three things on Christmas Eve

We interrupt your regularly scheduled program. (Once again, I am postponing finishing up my “seeing” post.) As our church moved into the last part of our Advent preparing and waiting this weekend, we heard about the idea of disruptions through the story of Mary, whose life would be turned upside down by a mysterious pregnancy and a new identity. The theme was carried further by the stories of my friends Ryan and Amanda Phillips, who once again amaze me through their devotion to the poor of northern India as they stand in resistance to the poverty of spirit that robs women and children of their dignity and too often, their very lives. The point was that God’s coming into our lives often drastically changes our course and shatters our dreams – even the ones we are sure are good – so that God’s dreams might be birthed in us.

So I am sharing three stories – two are beautifully disruptive, one is disturbing but good cause for reflection. (I’ll let you decide which are which!)

The first is a stunning book, The Trouble With The Alphabet. This is not your typical coffee table book. It combines beautiful art done by one of our church members, Caryn West, with compelling stories of struggle and practical means of getting involved for the sake of children around the globe (also researched and compiled by Caryn.) She has labored for the last three years for this project. It stirs dreams for the world that stretch us far beyond our small imaginations! Let this be part of your Advent Conspiracy.



Secondly, there is a story from Mahmoud Ahmadinejad from Iran. You can read the full article here (click). In it he challenges the West this Christmas by saying without a trace of irony: “If Christ were on earth today, undoubtedly He would hoist the banner of justice and love for humanity to oppose warmongers, occupiers, terrorists and bullies the world over.” Well, yes. I have often used words like that myself. But what Ahmadinejad doesn’t get is that while Jesus does indeed stand against the oppressors of this world, He also redeems them as freely as He redeems the oppressed. And that fact shows that God is an equal opportunity offender – reminding us that our small hearts love His grace and forgiveness, but we remain sure that there are those who don’t “deserve” it. May our hearts be truly open to the dream of forgiveness and reconciliation for all.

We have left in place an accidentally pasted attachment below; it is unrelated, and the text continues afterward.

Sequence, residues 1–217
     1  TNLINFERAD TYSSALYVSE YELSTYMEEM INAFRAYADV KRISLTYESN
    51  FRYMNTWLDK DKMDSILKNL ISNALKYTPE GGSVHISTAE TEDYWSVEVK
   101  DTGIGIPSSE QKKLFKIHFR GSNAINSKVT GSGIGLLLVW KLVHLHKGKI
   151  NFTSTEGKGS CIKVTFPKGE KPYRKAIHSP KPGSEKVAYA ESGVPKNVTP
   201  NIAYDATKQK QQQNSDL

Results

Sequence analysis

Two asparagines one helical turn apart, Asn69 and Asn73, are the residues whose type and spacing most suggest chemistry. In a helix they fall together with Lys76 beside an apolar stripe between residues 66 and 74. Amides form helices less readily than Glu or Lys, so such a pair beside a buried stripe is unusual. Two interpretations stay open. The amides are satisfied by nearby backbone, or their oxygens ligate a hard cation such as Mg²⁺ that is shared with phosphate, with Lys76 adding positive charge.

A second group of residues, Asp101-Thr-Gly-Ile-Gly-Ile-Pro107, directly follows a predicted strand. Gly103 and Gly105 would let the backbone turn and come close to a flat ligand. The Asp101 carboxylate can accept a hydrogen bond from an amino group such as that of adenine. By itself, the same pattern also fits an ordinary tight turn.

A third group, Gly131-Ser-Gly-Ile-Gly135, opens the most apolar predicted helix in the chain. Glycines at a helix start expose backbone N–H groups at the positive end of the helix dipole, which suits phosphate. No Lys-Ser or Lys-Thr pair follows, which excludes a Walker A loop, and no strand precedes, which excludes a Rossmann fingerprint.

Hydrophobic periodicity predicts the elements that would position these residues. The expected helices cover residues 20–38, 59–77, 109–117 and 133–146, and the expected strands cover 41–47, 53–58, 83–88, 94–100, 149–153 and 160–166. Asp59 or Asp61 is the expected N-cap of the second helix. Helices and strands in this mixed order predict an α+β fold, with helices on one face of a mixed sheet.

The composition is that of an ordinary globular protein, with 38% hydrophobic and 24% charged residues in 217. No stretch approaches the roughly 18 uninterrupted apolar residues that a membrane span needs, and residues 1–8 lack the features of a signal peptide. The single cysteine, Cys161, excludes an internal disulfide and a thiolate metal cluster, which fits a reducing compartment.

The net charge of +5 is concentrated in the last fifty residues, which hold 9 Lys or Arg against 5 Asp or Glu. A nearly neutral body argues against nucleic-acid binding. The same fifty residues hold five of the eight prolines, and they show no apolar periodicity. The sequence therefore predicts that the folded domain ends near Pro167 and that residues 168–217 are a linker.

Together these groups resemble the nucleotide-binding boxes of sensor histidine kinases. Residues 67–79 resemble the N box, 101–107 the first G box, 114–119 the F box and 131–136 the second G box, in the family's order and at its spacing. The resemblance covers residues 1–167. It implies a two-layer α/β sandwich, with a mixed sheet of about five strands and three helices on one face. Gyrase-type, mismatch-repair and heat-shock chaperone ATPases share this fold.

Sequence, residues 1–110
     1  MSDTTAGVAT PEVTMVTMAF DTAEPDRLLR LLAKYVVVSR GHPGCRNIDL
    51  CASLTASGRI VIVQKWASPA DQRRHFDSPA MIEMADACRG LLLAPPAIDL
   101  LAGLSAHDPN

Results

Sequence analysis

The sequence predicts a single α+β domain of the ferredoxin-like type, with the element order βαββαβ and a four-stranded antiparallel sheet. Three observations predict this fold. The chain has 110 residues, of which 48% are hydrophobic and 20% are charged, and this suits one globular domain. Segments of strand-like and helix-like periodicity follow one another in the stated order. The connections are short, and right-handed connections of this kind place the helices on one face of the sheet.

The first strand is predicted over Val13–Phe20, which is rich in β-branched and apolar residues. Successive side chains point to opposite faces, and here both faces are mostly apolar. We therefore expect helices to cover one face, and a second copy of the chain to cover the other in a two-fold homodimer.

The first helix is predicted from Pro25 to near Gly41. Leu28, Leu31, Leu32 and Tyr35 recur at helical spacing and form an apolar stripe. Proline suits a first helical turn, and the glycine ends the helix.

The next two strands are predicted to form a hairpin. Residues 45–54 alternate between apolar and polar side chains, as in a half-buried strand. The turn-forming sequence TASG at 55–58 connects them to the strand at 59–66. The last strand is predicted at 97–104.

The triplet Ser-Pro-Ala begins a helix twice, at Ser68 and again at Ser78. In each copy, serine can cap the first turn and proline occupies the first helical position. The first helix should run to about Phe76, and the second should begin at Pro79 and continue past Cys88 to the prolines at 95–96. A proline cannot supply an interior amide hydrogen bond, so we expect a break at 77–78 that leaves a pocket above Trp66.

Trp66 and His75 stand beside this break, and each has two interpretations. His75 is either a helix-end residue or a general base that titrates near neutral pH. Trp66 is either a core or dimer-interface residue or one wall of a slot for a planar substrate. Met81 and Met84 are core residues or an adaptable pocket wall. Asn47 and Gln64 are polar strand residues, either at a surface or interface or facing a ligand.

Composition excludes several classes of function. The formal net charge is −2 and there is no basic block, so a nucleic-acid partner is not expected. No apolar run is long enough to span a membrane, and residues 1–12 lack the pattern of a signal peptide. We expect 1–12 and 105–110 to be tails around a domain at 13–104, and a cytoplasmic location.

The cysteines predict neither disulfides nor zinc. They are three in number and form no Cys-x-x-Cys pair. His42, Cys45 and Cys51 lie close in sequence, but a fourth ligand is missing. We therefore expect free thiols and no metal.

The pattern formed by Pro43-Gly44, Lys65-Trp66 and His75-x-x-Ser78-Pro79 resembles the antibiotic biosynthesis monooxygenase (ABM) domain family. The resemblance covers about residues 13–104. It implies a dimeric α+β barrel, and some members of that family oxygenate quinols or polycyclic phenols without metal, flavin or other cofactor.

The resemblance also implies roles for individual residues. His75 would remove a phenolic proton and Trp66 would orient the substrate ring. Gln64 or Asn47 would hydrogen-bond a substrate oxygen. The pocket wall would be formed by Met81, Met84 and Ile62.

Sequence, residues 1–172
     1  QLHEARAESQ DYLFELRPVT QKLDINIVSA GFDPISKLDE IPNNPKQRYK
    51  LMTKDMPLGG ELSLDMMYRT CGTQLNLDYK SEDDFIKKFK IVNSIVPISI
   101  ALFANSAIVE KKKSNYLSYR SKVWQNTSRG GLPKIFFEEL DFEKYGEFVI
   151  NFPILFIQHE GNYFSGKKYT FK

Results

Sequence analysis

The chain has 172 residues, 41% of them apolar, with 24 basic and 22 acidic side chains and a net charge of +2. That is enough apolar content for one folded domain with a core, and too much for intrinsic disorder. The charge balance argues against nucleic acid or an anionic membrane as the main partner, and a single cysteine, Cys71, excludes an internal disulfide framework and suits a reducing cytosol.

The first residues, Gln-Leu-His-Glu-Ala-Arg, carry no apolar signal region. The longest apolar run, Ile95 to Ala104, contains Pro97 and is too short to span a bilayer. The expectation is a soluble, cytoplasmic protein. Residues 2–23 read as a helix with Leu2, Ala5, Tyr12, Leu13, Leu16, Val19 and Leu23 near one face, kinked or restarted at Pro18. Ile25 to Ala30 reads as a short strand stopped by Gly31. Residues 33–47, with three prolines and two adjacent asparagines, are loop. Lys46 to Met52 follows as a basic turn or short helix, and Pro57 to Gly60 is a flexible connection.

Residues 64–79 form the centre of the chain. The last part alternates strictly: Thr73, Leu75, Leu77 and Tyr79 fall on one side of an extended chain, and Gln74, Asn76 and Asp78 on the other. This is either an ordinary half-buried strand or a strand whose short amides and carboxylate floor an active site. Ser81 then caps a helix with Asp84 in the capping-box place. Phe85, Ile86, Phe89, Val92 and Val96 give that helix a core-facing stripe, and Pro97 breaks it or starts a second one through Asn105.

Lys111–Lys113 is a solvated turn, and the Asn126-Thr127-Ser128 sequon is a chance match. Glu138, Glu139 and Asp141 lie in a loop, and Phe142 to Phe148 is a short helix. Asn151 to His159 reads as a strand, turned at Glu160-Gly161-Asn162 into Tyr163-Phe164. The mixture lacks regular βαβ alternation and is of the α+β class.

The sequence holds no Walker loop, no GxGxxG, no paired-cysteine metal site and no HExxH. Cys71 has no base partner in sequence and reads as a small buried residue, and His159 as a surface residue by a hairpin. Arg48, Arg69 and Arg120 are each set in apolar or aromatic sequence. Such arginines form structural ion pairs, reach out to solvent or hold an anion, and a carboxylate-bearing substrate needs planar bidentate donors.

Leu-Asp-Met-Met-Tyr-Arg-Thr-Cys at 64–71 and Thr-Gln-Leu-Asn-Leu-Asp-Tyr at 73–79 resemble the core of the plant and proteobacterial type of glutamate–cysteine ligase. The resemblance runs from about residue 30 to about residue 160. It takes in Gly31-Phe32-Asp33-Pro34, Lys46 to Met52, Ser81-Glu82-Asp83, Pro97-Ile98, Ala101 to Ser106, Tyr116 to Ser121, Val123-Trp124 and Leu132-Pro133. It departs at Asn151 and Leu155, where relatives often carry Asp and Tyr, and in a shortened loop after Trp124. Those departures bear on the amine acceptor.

The third is the tear-jerking story of  Christmas in the Trenches retold by Jim Wallis at his  blog. It is the true story of enemy soldiers during WWI who drop their weapons and fellowship together on Christmas Eve. It’s like they were awoken from a terrible spell for a short while. He quotes a song written about this story:

“The next they sang was “Stille Nacht,” “Tis ‘Silent Night’,” says I.

And in two tongues one song filled up that sky

“There’s someone coming towards us!” the front line sentry cried

All sights were fixed on one lone figure coming from their side

His truce flag, like a Christmas star, shone on that plain so bright

As he bravely strode unarmed into the night.

Soon one by one on either side walked into No Man’s land

With neither gun nor bayonet we met there hand to hand

We shared some secret brandy and we wished each other well

And in a flare-lit soccer game we gave ‘em hell.

We traded chocolates, cigarettes, and photographs from home

These sons and fathers far away from families of their own

Young Sanders played his squeeze box and they had a violin

This curious and unlikely band of men.

Soon daylight stole upon us and France was France once more

With sad farewells we each began to settle back to war

But the question haunted every heart that lived that wondrous night

“Whose family have I fixed within my sights?”

‘Twas Christmas in the trenches, where the frost so bitter hung

The frozen fields of France were warmed as songs of peace were sung

For the walls they’d kept between us to exact the work of war

Had been crumbled and were gone for evermore.”


Whose family have we fixed within our sights? Not for destruction of course, but salvation and gathering and oneness? May we dare to dream wild dreams of healing and unity and love that are big enough for all of us. As we head into an uncertain future in 2009, let this be part of our prayer for the whole of the human family.

Glory to God in the highest, And on earth peace among men with whom He is pleased.
Merry Christmas!

EDIT: One more awesome article! (I didn’t want to change my title, LOL.) But check this out, love is winning! I think this is both beautiful and miraculous! (sent to me by my sweet friend Lindy)
Rick Warren and Melissa Etheridge



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Showing 4 comments
  • Jeff Greathouse

    thanks for the post …

    on rick and melissa, it is a great article on how we really need to listen to one another and not to have pre-conceived notions due to soundbytes

  • LeeAnn

    “Maybe if they get to know us, they wont fear us.” Melissa Ethridge

    I think her statement is very true. Once one puts a face to a name (in this case, homosexuality), it changes how the title is perceived. Not does this apply to homosexuals, but also to the Buddhist & Muslim neighbors that live next door to me.

    If I am to live & love as Jesus commands, I must open myself to all people, not just those who are straight, Christian, & republican like me.

    • ellenharoutunian

      Well said, friend.

  • Jennifer

    Ellen, have you seen Joyeux Noel? It’s about this true story of the Christmas Eve truce during WWI. A beautiful film. I think you will like it.

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